By Stefanos Evripidou
ON AN invitingly warm evening in Brussels last Tuesday, a 56-year-old Cypriot climbed the mountain he had been preparing for all his life, reaching the summit in just over three hours with two flags in hand.
The man was former government spokesman Christos Stylianides and the mountain was the gruelling hearing at the European Parliament (EP), where he answered over 45 questions from MEPs on his ability to perform the task of EU Commissioner for Humanitarian Aid and Crisis Management.
While some commissioners-designate reportedly stayed clear of the portfolio, Stylianides actively sought a meaty, challenging role in the new European Commission under Jean-Claude Juncker.
The EU is by far the largest donor of humanitarian aid in the world and at present has to deal with an unprecedented number of crisis zones (Syria, Iraq, Central African Republic, South Sudan…), while natural disasters are on the increase and viruses like Ebola are being likened to a “typhoon in slow motion”.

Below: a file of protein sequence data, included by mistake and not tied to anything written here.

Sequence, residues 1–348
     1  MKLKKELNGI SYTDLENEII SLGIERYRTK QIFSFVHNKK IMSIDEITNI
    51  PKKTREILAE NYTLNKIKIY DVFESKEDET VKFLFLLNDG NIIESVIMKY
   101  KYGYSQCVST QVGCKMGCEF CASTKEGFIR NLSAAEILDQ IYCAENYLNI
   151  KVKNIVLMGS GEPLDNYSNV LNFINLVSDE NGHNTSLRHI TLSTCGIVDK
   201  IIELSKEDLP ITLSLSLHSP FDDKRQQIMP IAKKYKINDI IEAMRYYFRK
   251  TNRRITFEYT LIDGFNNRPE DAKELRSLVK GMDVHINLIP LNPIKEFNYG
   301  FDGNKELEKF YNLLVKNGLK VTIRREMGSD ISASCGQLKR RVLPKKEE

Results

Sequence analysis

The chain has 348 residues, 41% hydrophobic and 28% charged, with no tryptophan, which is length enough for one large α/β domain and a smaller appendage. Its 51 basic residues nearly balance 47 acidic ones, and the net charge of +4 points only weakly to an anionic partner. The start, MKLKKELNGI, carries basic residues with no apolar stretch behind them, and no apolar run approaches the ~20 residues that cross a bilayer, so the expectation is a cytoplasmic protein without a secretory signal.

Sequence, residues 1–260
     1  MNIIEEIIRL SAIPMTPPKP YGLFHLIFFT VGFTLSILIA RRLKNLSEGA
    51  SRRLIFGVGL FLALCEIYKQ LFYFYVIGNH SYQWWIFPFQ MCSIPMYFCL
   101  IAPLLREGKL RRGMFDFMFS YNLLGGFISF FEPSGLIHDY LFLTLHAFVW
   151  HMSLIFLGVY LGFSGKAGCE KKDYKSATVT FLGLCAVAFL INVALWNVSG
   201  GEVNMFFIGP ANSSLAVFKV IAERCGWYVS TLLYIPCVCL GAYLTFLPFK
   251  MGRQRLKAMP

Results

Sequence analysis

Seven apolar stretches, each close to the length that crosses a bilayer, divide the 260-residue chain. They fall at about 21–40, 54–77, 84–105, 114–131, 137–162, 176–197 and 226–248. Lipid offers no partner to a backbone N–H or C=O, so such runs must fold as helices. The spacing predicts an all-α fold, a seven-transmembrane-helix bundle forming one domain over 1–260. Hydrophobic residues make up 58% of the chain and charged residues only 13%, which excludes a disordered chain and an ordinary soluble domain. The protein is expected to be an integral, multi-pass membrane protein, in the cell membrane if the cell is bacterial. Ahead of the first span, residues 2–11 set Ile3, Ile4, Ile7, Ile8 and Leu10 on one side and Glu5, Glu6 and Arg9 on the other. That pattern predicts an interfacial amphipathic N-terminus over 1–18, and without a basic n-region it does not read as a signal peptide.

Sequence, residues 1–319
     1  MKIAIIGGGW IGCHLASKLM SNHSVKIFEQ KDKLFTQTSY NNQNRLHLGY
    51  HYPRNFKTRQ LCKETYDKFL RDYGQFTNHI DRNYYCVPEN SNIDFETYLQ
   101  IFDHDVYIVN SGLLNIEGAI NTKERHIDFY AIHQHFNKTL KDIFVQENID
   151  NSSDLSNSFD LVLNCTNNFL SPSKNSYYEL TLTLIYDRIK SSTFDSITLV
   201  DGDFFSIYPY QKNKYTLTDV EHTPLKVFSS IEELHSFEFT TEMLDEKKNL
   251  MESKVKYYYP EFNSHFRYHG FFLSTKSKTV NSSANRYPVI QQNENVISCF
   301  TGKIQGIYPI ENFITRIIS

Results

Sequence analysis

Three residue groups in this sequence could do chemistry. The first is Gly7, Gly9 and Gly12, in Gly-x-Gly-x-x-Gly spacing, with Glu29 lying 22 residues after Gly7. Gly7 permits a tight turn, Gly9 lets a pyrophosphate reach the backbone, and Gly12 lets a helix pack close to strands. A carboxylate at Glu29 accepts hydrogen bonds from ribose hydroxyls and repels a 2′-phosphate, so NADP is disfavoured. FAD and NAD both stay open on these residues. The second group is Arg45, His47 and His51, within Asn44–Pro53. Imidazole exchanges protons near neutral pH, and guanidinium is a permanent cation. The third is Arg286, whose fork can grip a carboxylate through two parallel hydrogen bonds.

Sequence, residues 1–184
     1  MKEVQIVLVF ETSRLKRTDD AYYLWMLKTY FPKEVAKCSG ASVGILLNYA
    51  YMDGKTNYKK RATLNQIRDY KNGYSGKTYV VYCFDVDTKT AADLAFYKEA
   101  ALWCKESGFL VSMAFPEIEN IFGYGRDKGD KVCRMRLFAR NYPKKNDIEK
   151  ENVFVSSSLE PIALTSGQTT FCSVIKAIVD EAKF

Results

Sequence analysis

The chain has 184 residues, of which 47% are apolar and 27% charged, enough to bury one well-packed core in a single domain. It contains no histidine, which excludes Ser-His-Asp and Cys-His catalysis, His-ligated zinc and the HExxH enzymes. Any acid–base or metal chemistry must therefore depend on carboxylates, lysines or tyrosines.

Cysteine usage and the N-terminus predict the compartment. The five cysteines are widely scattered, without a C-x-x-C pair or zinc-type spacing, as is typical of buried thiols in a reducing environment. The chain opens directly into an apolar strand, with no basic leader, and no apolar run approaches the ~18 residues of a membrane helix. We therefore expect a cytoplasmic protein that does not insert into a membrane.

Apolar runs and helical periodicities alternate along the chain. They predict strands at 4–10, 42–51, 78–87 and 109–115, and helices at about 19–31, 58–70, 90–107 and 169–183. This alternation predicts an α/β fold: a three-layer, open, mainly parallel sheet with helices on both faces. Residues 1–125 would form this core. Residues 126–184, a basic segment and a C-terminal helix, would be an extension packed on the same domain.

The new portfolio involves dealing with millions of refugees, displaced, starving, under threat or persecuted people from around the world. It covers developing and developed countries, including EU member states. The potential audience reaches seven billion.
After the hearing with the EP’s Development Committee, a tired-looking Stylianides passed the opportunity to take more questions from a visiting group of Cypriot journalists.
Fair enough, his purview is no longer limited to a tiny island in the eastern Mediterranean.
As he walked away with his new circle of advisers and admirers, a sense pervaded the air that the former dental surgeon had reached his Ithaca. His past was behind him now, as he dived into the vortex of European politics.
It remains to be seen whether he too, like Odysseus, will be forced to face the voracious ‘suitors’ waiting to upend him.
His journey started in the last century with the Movement of Political Modernisation that promoted unity across the party spectrum. In 1998, he was appointed government spokesman by Glafcos Clerides but resigned a year later, saying the job conflicted with his principles.
He was voted into parliament twice, in 2006 and 2011, before being appointed again as government spokesman by Nicos Anastasiades in 2013.
In the first weeks and months, he did his best to keep a cool head while the country seemed to fall apart. Stylianides pleaded with the public not to judge the new government on what was decided in the ill-fated Eurogroup meetings, but on what it would do after.